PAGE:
It’s never too early to start preparing for the future

Be proactive about building your professional presence

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It’s never too early to start preparing for the future

Collegian File Photo

Collegian File Photo

Collegian File Photo

Collegian File Photo

By Samantha Schultz, Collegian Contributor

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As I walked into the Campus Center, students holding folders and wearing nametags walked in the other direction. I donned the only pair of pants I own that are not jeans and held copies of my resumé that I had hastily typed out half an hour before.

I decided to attend the Life Sciences and Biotechnology Career Fair two hours before it began, thinking that as a sophomore, I could take a look at the various companies in attendance and maybe get some ideas for summer internships. I had skimmed over the few emails I had received about the career fair in advance, without giving it too much thought. I had in mind the high school college fairs with people casually meandering between tables and picking up a pamphlet or two.

When I descended the escalator into the Campus Center basement, however, I instantly knew I was woefully underprepared. Students in suits with lengthy resumés tucked carefully into folders stood in line, waiting for their few precious minutes to speak with representatives from organizations like the Boston Children’s Hospital. I felt underdressed and out of my element, as I hadn’t taken the time to research the companies that would be present there or prepare any specific questions to ask. In the end, I had short conversations with two different companies and left half an hour later, feeling overwhelmed by my unpreparedness.

My experience at the career fair made me realize that I had been neglecting a large part of what college is supposed to prepare you for: what you do after. As soon as classes start to pick up and midterms hit, I find myself saying things like, “I’ll think about internships after my assignments slow down.” But then there is always another test, or another essay, and I continue to push back the responsibilities that don’t immediately affect me.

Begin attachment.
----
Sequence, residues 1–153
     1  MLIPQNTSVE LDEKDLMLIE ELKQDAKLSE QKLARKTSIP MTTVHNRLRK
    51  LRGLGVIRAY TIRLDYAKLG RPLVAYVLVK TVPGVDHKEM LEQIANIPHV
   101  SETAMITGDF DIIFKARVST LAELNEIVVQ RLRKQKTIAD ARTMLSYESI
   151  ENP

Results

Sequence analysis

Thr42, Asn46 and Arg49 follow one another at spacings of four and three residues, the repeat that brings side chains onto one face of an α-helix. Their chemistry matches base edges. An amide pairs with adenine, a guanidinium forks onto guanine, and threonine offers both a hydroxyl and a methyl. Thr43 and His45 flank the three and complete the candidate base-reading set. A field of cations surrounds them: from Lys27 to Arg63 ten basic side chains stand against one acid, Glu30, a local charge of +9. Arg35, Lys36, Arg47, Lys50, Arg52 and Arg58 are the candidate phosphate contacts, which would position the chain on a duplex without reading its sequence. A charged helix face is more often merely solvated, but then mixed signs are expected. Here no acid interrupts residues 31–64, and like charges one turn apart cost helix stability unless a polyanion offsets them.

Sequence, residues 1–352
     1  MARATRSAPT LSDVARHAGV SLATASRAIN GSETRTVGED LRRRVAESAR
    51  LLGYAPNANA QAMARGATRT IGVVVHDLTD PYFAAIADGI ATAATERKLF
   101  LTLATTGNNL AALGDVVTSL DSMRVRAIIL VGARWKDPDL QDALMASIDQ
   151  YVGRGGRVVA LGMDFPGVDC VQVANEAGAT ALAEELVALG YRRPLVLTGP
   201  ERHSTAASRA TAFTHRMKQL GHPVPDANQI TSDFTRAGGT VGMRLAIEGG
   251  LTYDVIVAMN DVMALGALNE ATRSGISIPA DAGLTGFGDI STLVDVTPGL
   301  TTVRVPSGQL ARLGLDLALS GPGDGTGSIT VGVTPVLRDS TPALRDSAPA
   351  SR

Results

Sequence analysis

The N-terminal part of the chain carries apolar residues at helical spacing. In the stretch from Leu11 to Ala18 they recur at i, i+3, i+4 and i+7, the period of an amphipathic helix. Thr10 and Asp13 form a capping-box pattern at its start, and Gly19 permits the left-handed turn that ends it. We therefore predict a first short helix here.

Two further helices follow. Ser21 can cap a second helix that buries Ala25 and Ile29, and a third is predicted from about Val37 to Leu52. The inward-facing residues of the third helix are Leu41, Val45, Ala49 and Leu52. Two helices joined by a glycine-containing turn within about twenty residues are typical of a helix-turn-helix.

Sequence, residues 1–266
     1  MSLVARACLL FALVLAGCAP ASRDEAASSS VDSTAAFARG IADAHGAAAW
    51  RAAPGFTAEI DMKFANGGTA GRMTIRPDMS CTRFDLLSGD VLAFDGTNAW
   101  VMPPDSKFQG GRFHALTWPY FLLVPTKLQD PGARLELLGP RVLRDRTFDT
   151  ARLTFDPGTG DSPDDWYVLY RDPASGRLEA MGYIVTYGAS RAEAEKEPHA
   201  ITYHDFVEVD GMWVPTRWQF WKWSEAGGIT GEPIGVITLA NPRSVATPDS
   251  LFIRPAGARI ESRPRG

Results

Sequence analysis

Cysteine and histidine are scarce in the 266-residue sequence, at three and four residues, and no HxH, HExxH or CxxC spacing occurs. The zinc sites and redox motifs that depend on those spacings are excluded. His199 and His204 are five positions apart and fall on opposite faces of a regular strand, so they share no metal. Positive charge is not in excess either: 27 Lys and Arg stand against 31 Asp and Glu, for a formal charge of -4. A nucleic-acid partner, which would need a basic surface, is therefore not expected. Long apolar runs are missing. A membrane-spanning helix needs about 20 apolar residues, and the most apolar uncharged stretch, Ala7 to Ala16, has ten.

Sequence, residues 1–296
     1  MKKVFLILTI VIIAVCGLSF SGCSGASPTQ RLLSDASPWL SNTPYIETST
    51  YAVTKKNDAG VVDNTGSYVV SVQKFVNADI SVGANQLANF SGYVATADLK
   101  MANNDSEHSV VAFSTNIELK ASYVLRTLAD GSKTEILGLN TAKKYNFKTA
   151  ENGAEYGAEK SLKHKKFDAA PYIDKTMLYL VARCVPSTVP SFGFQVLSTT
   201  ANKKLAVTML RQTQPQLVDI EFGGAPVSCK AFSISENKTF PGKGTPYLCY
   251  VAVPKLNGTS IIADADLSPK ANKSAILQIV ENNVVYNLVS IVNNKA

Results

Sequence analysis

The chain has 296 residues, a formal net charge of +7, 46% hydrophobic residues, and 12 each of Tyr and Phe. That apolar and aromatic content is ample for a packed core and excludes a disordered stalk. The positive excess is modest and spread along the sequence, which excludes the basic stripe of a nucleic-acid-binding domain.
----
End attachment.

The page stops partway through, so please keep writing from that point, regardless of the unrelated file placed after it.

In today’s job market, it seems like good grades aren’t enough to guarantee you a job. The number of college graduates in the country is steadily increasing, with 1.5 million first-time graduates under 25 in 2012-2013 and 1.6 million in 2015-2016. Having at least a bachelor’s degree is becoming the new norm, and students have started looking for other ways to set themselves apart from the many applicants. As a STEM major, I feel expected to seek out research opportunities both during the school year and over the summer to gain the all-important experience employers are looking for. I also want to be involved with extracurriculars related to my major to boost my resumé. On top of that, there are scholarship applications and study abroad opportunities to consider, adding to the seemingly never-ending list of responsibilities that we sometimes don’t think about until it’s too late.

Starting out as a freshman, four years can seem like more than enough time to think about the future, but setting yourself up for a good career takes a lot of time and planning. It is extremely overwhelming to think about all of the factors that go into a resumé: the grades, the extracurriculars, the internships and research opportunities. The only thing that will make the process of applying for jobs easier is to start thinking about these things early on. Get involved with clubs that relate to your major and provide opportunities to make important connections. If you’re a STEM majors, build relationships with your professors and ask about their research and how you can take part in it. Also, take advantage of the resources provided by UMass Career Services, including internship information sessions and resumé workshops. For more specific help, you can schedule a career advising appointment with the career center specific to your major through Handshake.

Trying to build an effective resumé while juggling clubs, classes and other opportunities is intimidating to take on by yourself. Giving yourself enough time to plan and seeking the help you need is crucial to feeling as prepared as possible when it comes time to join the workforce.

Samantha Schultz is a Collegian Contributor and can be reached at [email protected]